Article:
Sun Apr 11, 2021 12:55 pm
Black holes; I got nothing to say! They leave me in aw! I saw the movie Event Horizon!https://youtu.be/ZmSLkiYwAbw
Black holes! I've got very little to say. And I didn't even see the movie Event Horizon.

But I will say this:

What gets me about today's APOD is the "silence" of the creation of the final, larger black hole collision product.

I'm thinking of the asteroid that hit the Earth and wiped out the dinosaurs, which was, all in all, such a really tiny cosmic event. That impact seemed to trigger all sorts of debris, plumes, flying boulders, tsunamis, vast gas clouds and all kinds of blinding lights and screeching sounds. By contrast, the final merger of the two black holes seems... eventless.

Ann
Even though they say, "In space, no one can hear you scream", I think that in this case, were you as close as the viewpoint of this video, the gravitational waves (which can carry away several solar masses energy equivalent) might well be able to stimulate your hearing. You might actually hear this, given that the chirp generated by mergers of this size lie at least partly in the audio frequency range.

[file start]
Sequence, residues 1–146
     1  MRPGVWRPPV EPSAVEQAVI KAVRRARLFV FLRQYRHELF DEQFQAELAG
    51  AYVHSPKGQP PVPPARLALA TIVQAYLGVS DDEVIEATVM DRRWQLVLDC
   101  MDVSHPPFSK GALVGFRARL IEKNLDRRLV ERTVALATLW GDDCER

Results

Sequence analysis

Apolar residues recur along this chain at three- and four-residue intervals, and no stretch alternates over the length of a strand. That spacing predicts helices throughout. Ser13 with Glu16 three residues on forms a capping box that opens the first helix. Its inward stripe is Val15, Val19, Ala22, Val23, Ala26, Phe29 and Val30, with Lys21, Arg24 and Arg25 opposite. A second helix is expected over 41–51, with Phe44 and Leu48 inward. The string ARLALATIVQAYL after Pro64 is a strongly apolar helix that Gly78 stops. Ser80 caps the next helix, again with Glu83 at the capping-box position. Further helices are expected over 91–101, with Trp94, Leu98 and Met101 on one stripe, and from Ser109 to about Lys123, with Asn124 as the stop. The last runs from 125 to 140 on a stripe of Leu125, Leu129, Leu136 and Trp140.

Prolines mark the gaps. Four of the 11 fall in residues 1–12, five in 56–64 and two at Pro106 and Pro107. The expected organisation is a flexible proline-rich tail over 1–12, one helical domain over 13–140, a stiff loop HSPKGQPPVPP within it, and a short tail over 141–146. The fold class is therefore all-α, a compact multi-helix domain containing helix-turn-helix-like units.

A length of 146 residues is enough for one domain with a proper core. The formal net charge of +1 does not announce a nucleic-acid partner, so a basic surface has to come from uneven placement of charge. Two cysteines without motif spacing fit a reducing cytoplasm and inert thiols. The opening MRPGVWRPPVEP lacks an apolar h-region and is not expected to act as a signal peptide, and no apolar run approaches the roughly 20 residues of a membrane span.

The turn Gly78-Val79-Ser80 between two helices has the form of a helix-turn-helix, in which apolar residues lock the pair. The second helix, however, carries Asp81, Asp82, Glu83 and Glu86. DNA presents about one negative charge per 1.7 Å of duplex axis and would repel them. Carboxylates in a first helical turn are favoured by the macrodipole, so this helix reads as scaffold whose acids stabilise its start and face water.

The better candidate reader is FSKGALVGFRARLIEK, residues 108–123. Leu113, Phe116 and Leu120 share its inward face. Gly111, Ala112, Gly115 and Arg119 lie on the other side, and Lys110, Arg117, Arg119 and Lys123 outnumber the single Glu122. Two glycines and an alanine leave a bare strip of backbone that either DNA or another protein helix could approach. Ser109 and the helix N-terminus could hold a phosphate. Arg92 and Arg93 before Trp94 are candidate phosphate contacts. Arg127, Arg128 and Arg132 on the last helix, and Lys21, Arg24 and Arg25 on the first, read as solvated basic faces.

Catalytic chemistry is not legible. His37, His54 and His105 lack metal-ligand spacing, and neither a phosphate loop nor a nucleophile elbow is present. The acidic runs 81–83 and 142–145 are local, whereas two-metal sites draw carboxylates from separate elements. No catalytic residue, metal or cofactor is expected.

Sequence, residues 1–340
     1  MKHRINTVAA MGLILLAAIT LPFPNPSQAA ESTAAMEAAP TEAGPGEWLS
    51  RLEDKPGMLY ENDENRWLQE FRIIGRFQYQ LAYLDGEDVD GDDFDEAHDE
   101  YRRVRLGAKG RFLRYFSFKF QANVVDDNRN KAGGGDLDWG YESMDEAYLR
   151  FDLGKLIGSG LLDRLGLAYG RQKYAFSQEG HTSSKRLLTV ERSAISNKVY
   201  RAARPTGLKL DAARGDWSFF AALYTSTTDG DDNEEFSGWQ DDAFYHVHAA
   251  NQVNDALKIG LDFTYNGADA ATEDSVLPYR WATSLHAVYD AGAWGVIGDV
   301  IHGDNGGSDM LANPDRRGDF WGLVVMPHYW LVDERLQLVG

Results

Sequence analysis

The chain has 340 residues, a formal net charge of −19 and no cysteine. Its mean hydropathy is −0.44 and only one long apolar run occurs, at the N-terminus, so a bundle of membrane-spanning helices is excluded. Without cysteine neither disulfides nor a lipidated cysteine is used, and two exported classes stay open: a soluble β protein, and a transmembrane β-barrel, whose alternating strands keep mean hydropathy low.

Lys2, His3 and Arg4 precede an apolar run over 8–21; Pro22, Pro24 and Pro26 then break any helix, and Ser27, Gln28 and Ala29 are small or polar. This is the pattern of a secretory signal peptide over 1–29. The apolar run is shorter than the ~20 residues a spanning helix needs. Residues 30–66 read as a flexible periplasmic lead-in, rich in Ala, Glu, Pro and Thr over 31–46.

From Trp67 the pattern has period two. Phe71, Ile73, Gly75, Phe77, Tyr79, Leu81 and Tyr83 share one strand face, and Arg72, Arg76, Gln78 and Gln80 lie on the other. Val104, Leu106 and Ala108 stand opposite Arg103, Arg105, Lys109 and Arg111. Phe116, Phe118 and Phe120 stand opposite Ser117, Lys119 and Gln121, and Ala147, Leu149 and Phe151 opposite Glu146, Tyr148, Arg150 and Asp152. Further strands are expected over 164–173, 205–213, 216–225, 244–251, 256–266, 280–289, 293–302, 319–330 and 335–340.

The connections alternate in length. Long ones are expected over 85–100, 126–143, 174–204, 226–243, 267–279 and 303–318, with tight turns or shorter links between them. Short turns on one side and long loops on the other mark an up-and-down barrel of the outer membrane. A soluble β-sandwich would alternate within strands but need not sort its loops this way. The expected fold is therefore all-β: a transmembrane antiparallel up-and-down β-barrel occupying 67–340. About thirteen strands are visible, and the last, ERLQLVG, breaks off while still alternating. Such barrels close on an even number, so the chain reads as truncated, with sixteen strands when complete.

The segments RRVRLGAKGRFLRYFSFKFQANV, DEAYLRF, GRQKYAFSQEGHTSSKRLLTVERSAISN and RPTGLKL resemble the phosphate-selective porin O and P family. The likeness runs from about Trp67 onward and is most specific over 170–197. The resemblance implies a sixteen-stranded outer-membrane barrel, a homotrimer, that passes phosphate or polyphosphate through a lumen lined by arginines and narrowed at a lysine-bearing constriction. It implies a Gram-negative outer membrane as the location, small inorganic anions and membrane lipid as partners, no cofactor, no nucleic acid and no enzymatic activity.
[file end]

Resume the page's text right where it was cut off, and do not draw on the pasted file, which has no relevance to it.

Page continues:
Click to play embedded YouTube video.

Thanks, Chris. I guess what gets me the most is not the lack of sound, but the lack of debris. But that's black holes for you.

Enjoy the video of a simple simulation of the explosion of the progenitor star of the Crab Nebula. In space no one can hear you explode, that's true.

But there was sure as heck a lot of debris when the star that would become the Crab Nebula (and its pulsar) blew itself to smithereens. Black holes though, they just put on weight, and barely even burp when they do so.

(Except when they blow a really nasty jet when enjoying a snack.)

No Weight Watchers in the Universe can help them reduce, unless the Hawking radiation works the way it should.

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Re: APOD: When Black Holes Collide (2021 Apr 11)